places may have helped to validate transactions. After the Reformation, some
crosses continued in use as foci for municipal or borough ceremonies, for
example as places for official proclamations and announcements; some were the
scenes of games or recreational activity.
Standing crosses were distributed throughout England and are thought to have
numbered in excess of 12,000. However, their survival since the Reformation
has been variable, being much affected by local conditions, attitudes and
religious sentiment. In particular, many cross-heads were destroyed by
iconoclasts during the 16th and 17th centuries. Less than 2,000 medieval
standing crosses, with or without cross-heads, are now thought to exist. The
oldest and most basic form of standing cross is the monolith, a stone shaft
often set directly in the ground without a base. The most common form is the
stepped cross, in which the shaft is set in a socket stone and raised upon a
flight of steps; this type of cross remained current from the 11th to 12th
centuries until after the Reformation. Where the cross-head survives it may
take a variety of forms, from a lantern-like structure to a crucifix; the more
elaborate examples date from the 15th century. Much less common than stepped
crosses are spire-shaped crosses, often composed of three or four receding
stages with elaborate architectural decoration and/or sculptured figures; the
most famous of these include the Eleanor crosses, erected by Edward I at the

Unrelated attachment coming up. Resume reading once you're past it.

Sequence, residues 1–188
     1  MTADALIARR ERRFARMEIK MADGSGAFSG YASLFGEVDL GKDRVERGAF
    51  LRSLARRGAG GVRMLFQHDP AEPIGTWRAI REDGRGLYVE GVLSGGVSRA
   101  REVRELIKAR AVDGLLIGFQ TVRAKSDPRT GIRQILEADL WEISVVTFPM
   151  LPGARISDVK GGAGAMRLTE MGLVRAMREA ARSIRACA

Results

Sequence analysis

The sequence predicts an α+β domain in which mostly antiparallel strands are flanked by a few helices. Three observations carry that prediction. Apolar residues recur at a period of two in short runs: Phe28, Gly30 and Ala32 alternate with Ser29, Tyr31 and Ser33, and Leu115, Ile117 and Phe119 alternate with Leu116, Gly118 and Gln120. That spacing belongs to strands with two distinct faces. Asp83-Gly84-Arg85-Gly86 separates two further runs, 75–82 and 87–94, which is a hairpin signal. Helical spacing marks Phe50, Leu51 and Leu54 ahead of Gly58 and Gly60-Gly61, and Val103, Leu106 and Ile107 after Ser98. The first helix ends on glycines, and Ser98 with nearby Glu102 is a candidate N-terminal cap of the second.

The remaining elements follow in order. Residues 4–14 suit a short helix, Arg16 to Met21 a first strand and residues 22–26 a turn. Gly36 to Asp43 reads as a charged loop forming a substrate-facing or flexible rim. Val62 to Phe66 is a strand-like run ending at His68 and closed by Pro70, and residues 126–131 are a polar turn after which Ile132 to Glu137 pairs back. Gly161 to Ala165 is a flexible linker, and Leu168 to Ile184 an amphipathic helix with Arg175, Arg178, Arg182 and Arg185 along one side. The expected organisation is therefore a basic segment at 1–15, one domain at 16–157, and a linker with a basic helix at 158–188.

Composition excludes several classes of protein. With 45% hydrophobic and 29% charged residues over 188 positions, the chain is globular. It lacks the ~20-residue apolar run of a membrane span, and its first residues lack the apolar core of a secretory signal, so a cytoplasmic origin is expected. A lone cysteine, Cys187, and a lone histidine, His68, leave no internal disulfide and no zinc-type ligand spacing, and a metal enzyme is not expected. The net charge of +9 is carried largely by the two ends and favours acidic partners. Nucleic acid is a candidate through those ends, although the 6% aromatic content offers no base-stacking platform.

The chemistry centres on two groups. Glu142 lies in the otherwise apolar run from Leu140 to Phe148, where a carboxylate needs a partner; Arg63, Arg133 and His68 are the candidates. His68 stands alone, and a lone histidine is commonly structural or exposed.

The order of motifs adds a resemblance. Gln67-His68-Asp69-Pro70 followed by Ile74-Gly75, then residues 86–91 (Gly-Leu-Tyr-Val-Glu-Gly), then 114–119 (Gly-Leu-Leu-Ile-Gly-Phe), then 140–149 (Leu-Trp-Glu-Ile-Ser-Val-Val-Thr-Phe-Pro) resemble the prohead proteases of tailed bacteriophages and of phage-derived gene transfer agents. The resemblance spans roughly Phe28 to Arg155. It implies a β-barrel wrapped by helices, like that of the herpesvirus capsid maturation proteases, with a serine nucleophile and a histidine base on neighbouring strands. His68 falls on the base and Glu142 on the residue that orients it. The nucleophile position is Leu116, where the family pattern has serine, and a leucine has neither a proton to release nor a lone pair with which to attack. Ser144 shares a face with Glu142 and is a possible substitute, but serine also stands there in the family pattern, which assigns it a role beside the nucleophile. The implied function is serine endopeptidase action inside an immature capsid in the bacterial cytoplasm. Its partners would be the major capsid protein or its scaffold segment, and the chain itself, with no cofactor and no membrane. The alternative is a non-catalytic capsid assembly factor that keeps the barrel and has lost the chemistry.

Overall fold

stopping places of the funeral cortege of his wife, who died in 1290. Also
uncommon are the preaching crosses which were built in public places from the
13th century, typically in the cemeteries of religious communities and
cathedrals, market places and wide thoroughfares; they include a stepped base,
buttresses supporting a vaulted canopy, in turn carrying either a shaft and
head or a pinnacled spire. Standing crosses contribute significantly to our
understanding of medieval customs, both secular and religious, and to our
knowledge of medieval parishes and settlement patterns. All crosses which
survive as standing monuments, especially those which stand in or near their
original location, are considered worthy of protection.

The cross in St Andrew's churchyard is a good example of a medieval standing
cross with two square to octagonal socket stones and a square to octagonal
shaft. Located to the east of the church and immediately to the west of the
eastern gateway to the churchyard it is believed to stand on or near to its
original position. The cross shows little evidence of restoration and has
continued in use as a public monument and amenity from medieval times to the
present day.

Source: Historic England


Books and journals
Cozens-Hardy, , 'Norfolk Archaeology' in Norfolk Crosses, , Vol. 25, (1935), 309

Source: Historic England

Other nearby scheduled monuments is an independent online resource and is not associated with any government department. All government data published here is used under licence. Please do not contact for any queries related to any individual ancient or schedued monument, planning permission related to scheduled monuments or the scheduling process itself. is a Good Stuff website.